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Full Text of President Bush's 2008 State of the Union Address

(Continued from Part 1)

On the homefront, we will continue to take every lawful and effective measure to protect our country. This is our most solemn duty. We are grateful that there has not been another attack on our soil since September 11. This is not for a lack of desire or effort on the part of the enemy. In the past six years, we have stopped numerous attacks, including a plot to fly a plane into the tallest building in Los Angeles and another to blow up passenger jets bound for America over the Atlantic. Dedicated men and women in our government toil day and night to stop the terrorists from carrying out their plans. These good citizens are saving American lives, and everyone in this chamber owes them our thanks. And we owe them something more: We owe them the tools they need to keep our people safe.

One of the most important tools we can give them is the ability to monitor terrorist communications. To protect America, we need to know who the terrorists are talking to, what they are saying, and what they are planning. Last year, the Congress passed legislation to help us do that. Unfortunately, the Congress set the legislation to expire on February 1. This means that if you do not act by Friday, our ability to track terrorist threats would be weakened and our citizens will be in greater danger. The Congress must ensure the flow of vital intelligence is not disrupted. The Congress must pass liability protection for companies believed to have assisted in the efforts to defend America. We have had ample time for debate. The time to act is now.

Protecting our nation from the dangers of a new century requires more than good intelligence and a strong military. It also requires changing the conditions that breed resentment and allow extremists to prey on despair. So America is using its influence to build a freer, more hopeful, and more compassionate world. This is a reflection of our national interest and the calling of our conscience.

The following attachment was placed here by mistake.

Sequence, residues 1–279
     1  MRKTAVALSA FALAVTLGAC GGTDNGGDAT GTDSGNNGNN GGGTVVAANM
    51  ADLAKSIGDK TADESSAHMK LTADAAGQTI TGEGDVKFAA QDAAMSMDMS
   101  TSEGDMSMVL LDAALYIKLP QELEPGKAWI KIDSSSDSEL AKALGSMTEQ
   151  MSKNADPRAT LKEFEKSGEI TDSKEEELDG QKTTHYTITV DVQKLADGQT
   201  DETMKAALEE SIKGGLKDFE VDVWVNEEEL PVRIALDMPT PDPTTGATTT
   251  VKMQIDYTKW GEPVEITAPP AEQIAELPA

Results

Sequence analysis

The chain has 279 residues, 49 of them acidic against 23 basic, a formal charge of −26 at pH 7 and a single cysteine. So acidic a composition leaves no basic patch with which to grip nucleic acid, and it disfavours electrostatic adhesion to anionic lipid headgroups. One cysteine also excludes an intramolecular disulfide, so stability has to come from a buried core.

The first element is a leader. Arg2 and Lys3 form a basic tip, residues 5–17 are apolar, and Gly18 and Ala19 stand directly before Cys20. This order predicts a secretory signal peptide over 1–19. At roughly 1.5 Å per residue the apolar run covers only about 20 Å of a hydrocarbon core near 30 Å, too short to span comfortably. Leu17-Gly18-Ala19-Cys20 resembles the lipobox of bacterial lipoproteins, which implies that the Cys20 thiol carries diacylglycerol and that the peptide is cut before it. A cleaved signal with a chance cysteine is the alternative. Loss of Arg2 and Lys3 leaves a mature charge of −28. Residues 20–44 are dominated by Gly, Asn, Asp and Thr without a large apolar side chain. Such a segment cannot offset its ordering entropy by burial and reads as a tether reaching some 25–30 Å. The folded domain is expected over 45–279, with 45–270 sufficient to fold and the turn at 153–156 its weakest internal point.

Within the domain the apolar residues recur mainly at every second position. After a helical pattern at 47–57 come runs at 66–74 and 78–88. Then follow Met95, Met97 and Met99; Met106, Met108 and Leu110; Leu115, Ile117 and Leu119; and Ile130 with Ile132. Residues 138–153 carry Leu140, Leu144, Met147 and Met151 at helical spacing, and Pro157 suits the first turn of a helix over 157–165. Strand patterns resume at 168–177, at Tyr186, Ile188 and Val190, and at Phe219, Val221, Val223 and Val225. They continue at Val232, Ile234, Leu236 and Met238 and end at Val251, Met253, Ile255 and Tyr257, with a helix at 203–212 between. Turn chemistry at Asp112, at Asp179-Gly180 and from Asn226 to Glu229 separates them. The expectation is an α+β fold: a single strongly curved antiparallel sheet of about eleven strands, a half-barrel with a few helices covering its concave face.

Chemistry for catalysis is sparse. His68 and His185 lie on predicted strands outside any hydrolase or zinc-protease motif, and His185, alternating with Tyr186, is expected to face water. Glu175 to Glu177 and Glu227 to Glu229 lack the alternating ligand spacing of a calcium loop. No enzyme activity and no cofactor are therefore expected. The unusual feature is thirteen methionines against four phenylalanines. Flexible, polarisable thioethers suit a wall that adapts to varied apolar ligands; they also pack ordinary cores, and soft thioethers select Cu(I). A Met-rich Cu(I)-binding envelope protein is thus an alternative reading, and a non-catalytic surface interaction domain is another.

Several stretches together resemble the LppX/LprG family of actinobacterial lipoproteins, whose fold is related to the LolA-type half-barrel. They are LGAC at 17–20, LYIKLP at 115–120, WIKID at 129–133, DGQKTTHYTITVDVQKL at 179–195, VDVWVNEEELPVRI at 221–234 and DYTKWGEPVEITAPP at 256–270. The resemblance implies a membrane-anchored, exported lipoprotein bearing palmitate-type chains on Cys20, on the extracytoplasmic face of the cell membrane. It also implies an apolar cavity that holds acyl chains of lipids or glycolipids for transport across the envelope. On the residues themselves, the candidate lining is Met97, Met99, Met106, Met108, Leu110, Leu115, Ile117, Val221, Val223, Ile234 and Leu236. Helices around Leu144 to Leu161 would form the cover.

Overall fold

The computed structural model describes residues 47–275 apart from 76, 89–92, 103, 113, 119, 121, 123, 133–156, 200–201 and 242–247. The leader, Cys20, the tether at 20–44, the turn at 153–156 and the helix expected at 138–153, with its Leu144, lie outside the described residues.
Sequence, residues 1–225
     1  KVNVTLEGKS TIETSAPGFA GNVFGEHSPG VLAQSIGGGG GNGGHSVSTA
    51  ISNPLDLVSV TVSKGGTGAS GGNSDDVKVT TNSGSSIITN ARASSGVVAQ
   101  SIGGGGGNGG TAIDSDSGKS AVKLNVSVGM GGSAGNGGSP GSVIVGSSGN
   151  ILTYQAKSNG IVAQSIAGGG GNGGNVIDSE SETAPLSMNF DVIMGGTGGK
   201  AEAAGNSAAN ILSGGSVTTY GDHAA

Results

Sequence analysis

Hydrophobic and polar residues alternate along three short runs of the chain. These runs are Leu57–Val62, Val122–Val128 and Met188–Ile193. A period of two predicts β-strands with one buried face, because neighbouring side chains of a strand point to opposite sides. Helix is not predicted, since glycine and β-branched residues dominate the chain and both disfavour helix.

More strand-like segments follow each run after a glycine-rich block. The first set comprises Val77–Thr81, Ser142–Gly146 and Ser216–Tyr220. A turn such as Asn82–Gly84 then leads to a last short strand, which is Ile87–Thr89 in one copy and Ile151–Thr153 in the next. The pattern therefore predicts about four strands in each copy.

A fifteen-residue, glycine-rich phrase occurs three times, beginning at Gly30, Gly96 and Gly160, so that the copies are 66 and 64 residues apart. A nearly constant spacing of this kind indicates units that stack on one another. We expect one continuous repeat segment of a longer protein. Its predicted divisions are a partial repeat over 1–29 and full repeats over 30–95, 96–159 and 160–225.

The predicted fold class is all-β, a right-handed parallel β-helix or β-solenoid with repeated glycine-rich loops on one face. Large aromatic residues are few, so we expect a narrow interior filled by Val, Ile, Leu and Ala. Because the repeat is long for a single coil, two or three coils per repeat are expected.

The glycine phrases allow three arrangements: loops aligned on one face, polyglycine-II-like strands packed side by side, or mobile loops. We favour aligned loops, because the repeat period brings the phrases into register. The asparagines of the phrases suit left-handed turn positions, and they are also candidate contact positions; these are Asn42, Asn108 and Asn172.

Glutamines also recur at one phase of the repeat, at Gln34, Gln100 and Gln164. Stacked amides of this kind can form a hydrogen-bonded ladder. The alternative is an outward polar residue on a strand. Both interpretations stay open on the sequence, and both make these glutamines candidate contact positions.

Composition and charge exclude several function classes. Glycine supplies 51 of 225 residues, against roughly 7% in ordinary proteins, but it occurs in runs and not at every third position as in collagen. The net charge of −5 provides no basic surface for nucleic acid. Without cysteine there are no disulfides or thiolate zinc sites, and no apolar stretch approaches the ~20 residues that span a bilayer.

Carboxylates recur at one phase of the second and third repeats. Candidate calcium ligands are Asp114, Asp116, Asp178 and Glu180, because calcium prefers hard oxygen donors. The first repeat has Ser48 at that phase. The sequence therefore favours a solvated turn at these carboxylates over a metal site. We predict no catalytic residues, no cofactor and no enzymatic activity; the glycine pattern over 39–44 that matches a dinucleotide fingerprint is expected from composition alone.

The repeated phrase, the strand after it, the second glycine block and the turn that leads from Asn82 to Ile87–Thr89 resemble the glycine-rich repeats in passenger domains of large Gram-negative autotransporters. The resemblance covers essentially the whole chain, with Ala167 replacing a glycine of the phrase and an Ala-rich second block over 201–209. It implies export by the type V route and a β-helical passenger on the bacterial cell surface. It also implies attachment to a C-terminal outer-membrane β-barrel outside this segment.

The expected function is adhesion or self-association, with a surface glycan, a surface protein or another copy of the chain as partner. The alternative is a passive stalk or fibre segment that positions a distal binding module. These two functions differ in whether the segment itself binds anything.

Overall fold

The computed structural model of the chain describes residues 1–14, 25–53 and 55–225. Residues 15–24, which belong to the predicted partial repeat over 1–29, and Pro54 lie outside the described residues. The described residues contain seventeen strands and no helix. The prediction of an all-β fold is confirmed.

America is opposing genocide in Sudan and supporting freedom in countries from Cuba and Zimbabwe to Belarus and Burma.

America is leading the fight against global poverty, with strong education initiatives and humanitarian assistance. We have also changed the way we deliver aid by launching the Millennium Challenge Account. This program strengthens democracy, transparency, and the rule of law in developing nations, and I ask you to fully fund this important initiative.

America is leading the fight against global hunger. Today, more than half the world's food aid comes from the United States. And tonight, I ask the Congress to support an innovative proposal to provide food assistance by purchasing crops directly from farmers in the developing world, so we can build up local agriculture and help break the cycle of famine.

America is leading the fight against disease. With your help, we are working to cut by half the number of malaria-related deaths in 15 African nations. And our Emergency Plan for AIDS Relief is treating 1.4 million people. We can bring healing and hope to many more. So I ask you to maintain the principles that have changed behavior and made this program a success. And I call on you to double our initial commitment to fighting HIV/AIDS by approving an additional $30 billion over the next five years.

America is a force for hope in the world because we are a compassionate people, and some of the most compassionate Americans are those who have stepped forward to protect us. We must keep faith with all who have risked life and limb so that we might live in freedom and peace. Over the past seven years, we have increased funding for veterans by more than 95 percent. As we increase funding, we must also reform our veterans system to meet the needs of a new war and a new generation. I call on the Congress to enact the reforms recommended by Senator Bob Dole and Secretary Donna Shalala, so we can improve the system of care for our wounded warriors and help them build lives of hope, promise, and dignity.

Our military families also sacrifice for America. They endure sleepless nights and the daily struggle of providing for children while a loved one is serving far from home. We have a responsibility to provide for them. So I ask you to join me in expanding their access to childcare, creating new hiring preferences for military spouses across the Federal government, and allowing our troops to transfer their unused education benefits to their spouses or children. Our military families serve our nation, they inspire our Nation, and tonight our nation honors them.

The secret of our strength, the miracle of America, is that our greatness lies not in our government, but in the spirit and determination of our people. When the Federal Convention met in Philadelphia in 1787, our nation was bound by the Articles of Confederation, which began with the words, "We the undersigned delegates." When Gouverneur Morris was asked to draft the preamble to our new Constitution, he offered an important revision and opened with words that changed the course of our nation and the history of the world: "We the people."

By trusting the people, our Founders wagered that a great and noble nation could be built on the liberty that resides in the hearts of all men and women. By trusting the people, succeeding generations transformed our fragile young democracy into the most powerful nation on earth and a beacon of hope for millions. And so long as we continue to trust the people, our nation will prosper, our liberty will be secure, and the State of our Union will remain strong. So tonight, with confidence in freedom's power, and trust in the people, let us set forth to do their business.

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